Now if we were on the Starship Enterprise, then we would have just gone to the replicators like Captain Picard does, and state, “Tea. Earl Grey… Hot”. Alas, since we do not have that option available to us, we shall prepare and enjoy a perfectly brewed cup of Earl Grey Tea, which shall tantalize our senses.

Touché, internet, touché.


Chinese New Years Eve

Chinese New Year falls on Valentine’s day this year. This has been a constant issue with me because I keep forgetting about Valentine’s day and instead, constantly thinking about new years – also THE WINTER OLYMPICS IN VANCOUVER!!!!! Go Canada!!

Anyway, I’ve been halfly pre-occupied with what to cook and prepping my boyfriend about everything new years because he has no idea what’s happening :p And because I’m awesome I’ve dealt with Valentine’s day by getting him hockey tickets!

Moving on, as any good Asian would know, new years eve is THE most important night of the year. All the family get together and enjoy a feast dedicated to bringing in and retaining luck for the rest of the year. And like any other good quality family event, the food is the center of attention.

The dishes/food components served at NYE dinner all symbolize longevity, prosperity, good luck in every thing under the sun. Now I could go on and make a summary table of all the different foods and stuff, but I’ve already read something someone has already written, so I’ll just post it here. It’s a nice short article!!

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The Chinese New Year Dinner
By RR Ritchey

The Chinese love to eat. Being full is the ultimate sign of wellness. Feeding and eating together is a sign of affection. Families eat when getting together. Moms like to think of what to cook or feed the family as a sign of love. Therefore, during the start of the year, to invite wellness and happiness it is but natural to spend time with the family eating.

The Chinese New Year’s eve dinner is believed to be the most important family ritual of the year. Food symbolizes abundance, and being together stands for family ties. Abundance, health and happiness of the family are the main focus of the New Year’s Eve dinner. It is said that if a family does not share this all-important meal of the year, the family’s love will grow cold. This is a special event in the year that sibling rivalries and family issues are set aside. Everybody is encouraged to eat well and be merry.

The Chinese New Year’s eve dinner honors both the past and current generations. Ancestors are remembered and honored. They too are included in the fast as food is offered at the family altar, especially for them. Letting the family elders eat first is a sign of respect and love. Before the family sits down to eat together, the family ancestral spirits are served the dinner first, including tea and wine, at the altar. This gesture not only pays respects to the forebears but is also a way of giving thanks. After all, it is believed that the wellness of the ancestors reflect on the family fortune.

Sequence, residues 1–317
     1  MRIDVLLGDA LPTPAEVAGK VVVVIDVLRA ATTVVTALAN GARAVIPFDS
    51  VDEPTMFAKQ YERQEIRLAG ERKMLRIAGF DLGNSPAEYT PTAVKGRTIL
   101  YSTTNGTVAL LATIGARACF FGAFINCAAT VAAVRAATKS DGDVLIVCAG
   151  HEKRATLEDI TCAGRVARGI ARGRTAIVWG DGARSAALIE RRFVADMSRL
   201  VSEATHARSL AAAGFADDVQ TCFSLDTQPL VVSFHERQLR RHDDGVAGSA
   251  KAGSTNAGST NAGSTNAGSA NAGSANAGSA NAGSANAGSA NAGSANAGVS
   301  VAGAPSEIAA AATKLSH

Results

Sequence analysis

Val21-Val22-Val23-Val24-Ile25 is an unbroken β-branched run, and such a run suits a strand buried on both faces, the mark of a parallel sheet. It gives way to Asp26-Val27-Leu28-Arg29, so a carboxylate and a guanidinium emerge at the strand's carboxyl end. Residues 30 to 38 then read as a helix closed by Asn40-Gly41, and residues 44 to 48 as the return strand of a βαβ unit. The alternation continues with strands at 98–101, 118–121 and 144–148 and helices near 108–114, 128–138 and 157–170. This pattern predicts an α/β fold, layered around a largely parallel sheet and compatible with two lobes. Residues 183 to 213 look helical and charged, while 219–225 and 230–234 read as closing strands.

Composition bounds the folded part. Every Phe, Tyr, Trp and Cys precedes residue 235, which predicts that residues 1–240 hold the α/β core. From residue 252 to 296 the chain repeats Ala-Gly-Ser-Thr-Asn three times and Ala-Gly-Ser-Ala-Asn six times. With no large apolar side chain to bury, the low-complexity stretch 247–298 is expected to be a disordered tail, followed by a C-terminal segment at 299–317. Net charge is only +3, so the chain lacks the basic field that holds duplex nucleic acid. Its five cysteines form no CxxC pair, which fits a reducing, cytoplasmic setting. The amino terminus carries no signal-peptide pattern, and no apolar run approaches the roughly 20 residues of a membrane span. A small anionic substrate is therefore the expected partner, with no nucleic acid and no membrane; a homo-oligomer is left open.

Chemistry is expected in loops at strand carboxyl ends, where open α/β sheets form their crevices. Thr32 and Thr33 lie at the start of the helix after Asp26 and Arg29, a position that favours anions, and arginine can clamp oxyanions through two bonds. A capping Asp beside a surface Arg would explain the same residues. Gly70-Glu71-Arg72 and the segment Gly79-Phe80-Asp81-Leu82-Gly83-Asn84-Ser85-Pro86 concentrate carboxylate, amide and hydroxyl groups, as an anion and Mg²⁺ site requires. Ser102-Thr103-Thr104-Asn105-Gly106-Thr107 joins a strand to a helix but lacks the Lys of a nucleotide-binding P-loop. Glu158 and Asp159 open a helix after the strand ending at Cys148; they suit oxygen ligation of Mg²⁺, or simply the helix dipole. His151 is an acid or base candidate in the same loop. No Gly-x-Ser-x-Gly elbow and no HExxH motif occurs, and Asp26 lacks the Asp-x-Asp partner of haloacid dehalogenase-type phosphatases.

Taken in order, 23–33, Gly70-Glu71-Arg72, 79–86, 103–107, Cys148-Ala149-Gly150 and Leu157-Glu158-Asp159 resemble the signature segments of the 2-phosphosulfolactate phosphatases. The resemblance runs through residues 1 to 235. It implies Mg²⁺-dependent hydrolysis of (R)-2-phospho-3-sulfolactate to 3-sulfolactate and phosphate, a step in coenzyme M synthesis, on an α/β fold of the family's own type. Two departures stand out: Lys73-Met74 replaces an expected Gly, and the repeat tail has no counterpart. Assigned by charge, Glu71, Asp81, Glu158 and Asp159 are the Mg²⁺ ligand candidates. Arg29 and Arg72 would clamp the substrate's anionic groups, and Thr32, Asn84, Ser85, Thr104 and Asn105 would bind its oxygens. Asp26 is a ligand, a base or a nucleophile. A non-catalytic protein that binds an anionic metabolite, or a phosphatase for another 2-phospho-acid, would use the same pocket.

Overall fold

The family dinner brings hope for the Chinese New Year. Food served also has many symbols of abundance, health and happiness.

Here are some of the courses offered for the family’s Chinese New Year eve dinner:

• Soup. Favorites are bird’s nest soupd and shark’s fin soup. The bird’s nest soup symbolizes long life and youthfulness. While shark’s fin symbolizes prosperity.

• Jai Choy is a special vegetarian dish that is most appropriate for Chinese New Year. All ingredients symbolize good fortune, long life and abundance. It has:
– dried oysters for good business
– sea moss called fat choy that mean prosperity
– Chinese black mushrooms is about getting wishes granted
– bean noodles called fun see symbolize long life
– lily buds mean 100 years of blissful union
– lotus seeds to have sons
– dried bean curd also symbolize abundance
– cloud ears are good luck
– and snow peas also bring in prosperity.

• Poultry like duck or chicken are served whole (with head and feet) to symbolize unity or wholeness. Missing body parts mean it is broken and are not good symbols, so best have it in 1 complete piece when possible.

• Long, leafy green vegetables such as Chinese broccoli and Chinese string beans are served whole, believed to bring longevity to parents.

• Fish is yu. “Yu” sounds like abundance. This dish is often served last. The head and tail should not be removed from the body to ensure good luck throughout the year. The family should also be careful to not flip the fish over. This superstition stems from the old fisherfolk belief that flipping fish over will also flip fishing boats.

• Rice or long-grain noodles are also eaten with this hearty feast.
Some of the food are deliberately left over to signify abundance through out the year. This is also convenient, as it is custom that animals cannot be killed, even for meals, on the first day of the new year.

Other Chinese New Year beliefs for the new year’s eve banquet are: All utensils and plates should be clean and unbroken. Even a small chip on a plate is not allowed, as this signifies that something will eat into the family fortune. Chopsticks should also be of equal length to represent harmony.

(Source: http://ezinearticles.com/?The-Chinese-New-Year-Dinner&id=3593908)